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A Young Folks' History of the Church

Growth Of Utah And The Church
As you were told in the last chapter, among the first things done by the pioneers was to
send exploring parties out to find other locations for settlement. They knew that
thousands of Saints would follow them to their new home, and room must be had for
them.
In the first company that followed the pioneers was Peregrine Sessions. He, with some
others, moved north from the pioneer camp and settled in what is now Davis county.
Further north, at the junction of the Weber and Ogden rivers, there lived, before the
pioneers came, a trapper and trader by the name of Goodyear. He claimed a large area of
land, nearly all of what is now Weber county, saying that the Mexican government had
granted it to him. This claim he sold in 1847 to Captain James Brown of the Mormon
Battalion for the sum of $3,000. In the spring of 1848, Captain Brown with his sons
moved to the new location and began putting in crops. They were told that frost would
kill the corn before it could ripen, but they worked on, and in the fall reaped a large
harvest. Soon other families moved in, to whom Captain Brown gave land. Thus Ogden
city and Weber county had their beginning.
Early in the spring of 1849, the first settlers moved south from Salt Lake City. They
consisted of thirty families led by John S. Higbee, one of the pioneers. They settled on
Provo river, built a fort for protection, and then began plowing and planting. There were
quite a number of Indians in that part. Their head chief was Sowiette, and under him was
Chief Walker. The first was a kind Indian who wished to live in peace with the whites;
but not so with Walker who delighted in stealing and fighting.
For some months everything went well with the Provo settlers, but in the fall the Indians
began stealing, and once in awhile an arrow came uncomfortably near some settler when
away from the fort. At length a party of men who were out searching for stolen cattle, had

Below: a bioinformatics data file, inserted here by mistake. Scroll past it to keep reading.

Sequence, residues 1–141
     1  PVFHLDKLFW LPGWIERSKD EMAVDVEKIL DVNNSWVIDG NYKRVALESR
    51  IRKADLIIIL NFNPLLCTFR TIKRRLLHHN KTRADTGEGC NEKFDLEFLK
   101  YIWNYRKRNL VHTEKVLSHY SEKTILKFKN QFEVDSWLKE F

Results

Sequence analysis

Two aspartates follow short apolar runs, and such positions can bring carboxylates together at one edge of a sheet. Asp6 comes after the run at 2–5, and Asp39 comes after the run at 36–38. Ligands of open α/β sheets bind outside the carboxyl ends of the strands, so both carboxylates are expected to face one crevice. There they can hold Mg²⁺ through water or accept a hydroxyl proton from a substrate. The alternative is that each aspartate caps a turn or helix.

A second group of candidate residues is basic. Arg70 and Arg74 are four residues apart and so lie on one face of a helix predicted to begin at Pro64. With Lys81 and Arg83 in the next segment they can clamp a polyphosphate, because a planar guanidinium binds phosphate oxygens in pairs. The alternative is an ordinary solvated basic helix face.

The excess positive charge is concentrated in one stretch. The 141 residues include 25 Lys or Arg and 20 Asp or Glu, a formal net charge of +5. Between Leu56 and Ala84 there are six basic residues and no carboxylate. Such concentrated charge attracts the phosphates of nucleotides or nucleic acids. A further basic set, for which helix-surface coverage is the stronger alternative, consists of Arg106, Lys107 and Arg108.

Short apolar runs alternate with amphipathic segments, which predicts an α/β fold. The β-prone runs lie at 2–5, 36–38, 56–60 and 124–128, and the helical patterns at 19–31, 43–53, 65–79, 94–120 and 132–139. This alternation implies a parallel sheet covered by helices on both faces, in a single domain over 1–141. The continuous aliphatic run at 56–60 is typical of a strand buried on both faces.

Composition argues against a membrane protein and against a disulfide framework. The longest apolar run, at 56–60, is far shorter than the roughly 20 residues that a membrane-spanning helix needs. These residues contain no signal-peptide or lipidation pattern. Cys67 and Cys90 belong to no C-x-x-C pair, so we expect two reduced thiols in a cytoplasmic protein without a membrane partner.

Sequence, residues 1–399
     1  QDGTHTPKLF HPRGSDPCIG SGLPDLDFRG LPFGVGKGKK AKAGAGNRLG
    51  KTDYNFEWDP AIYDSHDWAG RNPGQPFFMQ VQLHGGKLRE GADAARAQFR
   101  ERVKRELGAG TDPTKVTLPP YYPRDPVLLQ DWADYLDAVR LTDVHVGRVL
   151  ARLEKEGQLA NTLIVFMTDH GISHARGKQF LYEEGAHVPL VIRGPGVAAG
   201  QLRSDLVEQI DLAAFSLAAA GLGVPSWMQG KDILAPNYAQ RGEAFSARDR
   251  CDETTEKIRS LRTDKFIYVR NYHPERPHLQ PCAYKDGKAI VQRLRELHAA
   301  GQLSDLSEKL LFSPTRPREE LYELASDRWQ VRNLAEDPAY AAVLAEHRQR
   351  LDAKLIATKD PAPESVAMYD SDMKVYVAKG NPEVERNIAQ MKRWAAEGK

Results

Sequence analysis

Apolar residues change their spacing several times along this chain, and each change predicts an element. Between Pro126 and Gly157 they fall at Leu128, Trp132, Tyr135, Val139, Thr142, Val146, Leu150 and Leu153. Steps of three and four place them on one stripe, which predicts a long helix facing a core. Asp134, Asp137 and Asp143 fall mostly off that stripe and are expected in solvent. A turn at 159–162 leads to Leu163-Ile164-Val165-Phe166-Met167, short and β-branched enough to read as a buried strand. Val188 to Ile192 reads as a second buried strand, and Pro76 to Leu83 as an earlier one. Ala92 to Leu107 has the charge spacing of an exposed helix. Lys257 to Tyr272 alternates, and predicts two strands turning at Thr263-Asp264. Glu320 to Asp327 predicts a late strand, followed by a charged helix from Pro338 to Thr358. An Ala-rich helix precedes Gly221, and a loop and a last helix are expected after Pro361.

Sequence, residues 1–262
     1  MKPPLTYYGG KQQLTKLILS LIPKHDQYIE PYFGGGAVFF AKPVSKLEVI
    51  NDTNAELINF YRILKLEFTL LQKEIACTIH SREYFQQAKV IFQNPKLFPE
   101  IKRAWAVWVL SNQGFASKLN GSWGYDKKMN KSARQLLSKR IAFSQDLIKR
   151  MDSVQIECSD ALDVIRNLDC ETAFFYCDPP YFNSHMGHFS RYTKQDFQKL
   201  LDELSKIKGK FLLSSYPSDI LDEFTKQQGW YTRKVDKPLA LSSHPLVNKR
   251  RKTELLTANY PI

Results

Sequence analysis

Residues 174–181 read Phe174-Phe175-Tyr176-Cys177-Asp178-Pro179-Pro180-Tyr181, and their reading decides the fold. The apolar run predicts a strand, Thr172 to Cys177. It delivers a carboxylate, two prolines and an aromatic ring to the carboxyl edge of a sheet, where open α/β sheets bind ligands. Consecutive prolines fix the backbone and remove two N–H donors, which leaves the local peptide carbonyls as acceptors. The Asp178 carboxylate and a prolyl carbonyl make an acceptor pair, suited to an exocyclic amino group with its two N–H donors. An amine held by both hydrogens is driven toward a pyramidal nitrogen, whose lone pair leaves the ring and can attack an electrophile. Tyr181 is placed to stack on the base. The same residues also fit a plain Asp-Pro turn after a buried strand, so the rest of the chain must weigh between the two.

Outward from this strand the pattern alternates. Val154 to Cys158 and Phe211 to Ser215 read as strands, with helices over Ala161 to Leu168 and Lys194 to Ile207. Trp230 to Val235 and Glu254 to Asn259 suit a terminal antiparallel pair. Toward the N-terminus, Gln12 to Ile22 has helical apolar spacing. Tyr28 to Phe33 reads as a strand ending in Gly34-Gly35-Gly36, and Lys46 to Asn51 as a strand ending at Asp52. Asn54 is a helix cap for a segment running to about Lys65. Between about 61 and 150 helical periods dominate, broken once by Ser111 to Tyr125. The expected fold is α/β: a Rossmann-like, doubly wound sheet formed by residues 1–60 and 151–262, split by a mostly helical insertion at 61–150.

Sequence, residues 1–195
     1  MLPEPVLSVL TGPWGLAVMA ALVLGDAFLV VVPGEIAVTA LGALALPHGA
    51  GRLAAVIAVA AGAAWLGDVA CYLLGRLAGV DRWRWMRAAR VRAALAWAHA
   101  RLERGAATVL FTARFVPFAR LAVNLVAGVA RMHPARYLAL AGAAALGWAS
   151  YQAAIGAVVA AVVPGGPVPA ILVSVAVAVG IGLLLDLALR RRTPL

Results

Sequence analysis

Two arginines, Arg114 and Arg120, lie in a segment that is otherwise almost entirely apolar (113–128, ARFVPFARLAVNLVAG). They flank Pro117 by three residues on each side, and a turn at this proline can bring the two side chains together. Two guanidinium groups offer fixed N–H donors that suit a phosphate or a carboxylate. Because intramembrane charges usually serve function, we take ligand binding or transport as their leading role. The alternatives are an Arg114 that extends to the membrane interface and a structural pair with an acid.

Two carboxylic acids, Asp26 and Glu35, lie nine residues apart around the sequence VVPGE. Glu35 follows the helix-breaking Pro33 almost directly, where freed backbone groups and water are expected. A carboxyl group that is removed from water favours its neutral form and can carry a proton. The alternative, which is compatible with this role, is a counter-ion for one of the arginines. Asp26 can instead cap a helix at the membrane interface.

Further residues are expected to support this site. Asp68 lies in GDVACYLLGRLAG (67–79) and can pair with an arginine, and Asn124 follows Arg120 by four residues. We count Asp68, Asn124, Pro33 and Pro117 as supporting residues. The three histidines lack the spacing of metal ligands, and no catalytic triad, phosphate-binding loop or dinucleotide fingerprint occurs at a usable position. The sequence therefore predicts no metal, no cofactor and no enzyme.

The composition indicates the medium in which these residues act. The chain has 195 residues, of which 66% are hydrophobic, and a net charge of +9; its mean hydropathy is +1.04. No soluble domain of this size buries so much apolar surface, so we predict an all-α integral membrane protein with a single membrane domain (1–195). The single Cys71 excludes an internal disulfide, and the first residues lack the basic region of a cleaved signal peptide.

a fight with a band of Indians in which five of the savages were killed.
The settlers in the fort were now continually annoyed, until in February, 1850, a company
of militia was sent from Salt Lake City to their aid. A fierce battle ensued, in which a
number were killed on both sides, and the Indians were scattered to the mountains.
It was President Young's policy not to harm the Indians if possible, saying that it was
cheaper to feed them than to fight them. But even this kind policy did not altogether
prevent trouble with these wild people. In 1853, the Indians, led by Chief Walker, made
war on the southern settlements, with the result that about twenty whites and a great
many Indians were killed.
At the close of the war with Mexico all this western country became a part of the United
States. At a convention held in Salt Lake City, March 4, 1849, the people asked Congress
for a territorial organization. Later, a petition was sent asking to be admitted into the
Union under the name of "The State of Deseret." Until Congress could act, a temporary
government was formed which existed for nearly two years. President Young was elected
governor, and there were the other officers usually found in a state. September 9, 1850,
Congress passed an act organizing Utah Territory. President Millard Fillmore appointed
Brigham Young as governor. Out of the six other officers, three were "Mormons," and
three non-"Mormons" from the East.
 
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